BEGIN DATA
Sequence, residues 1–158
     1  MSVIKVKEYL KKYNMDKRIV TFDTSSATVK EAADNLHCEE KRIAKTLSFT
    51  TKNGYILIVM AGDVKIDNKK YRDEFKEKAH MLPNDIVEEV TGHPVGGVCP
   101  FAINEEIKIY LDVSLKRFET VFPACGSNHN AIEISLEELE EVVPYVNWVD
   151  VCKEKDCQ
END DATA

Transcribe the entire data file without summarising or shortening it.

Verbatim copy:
Sequence, residues 1–158
     1  MSVIKVKEYL KKYNMDKRIV TFDTSSATVK EAADNLHCEE KRIAKTLSFT
    51  TKNGYILIVM AGDVKIDNKK YRDEFKEKAH MLPNDIVEEV TGHPVGGVCP
   101  FAINEEIKIY LDVSLKRFET VFPACGSNHN AIEISLEELE EVVPYVNWVD
   151  VCKEKDCQ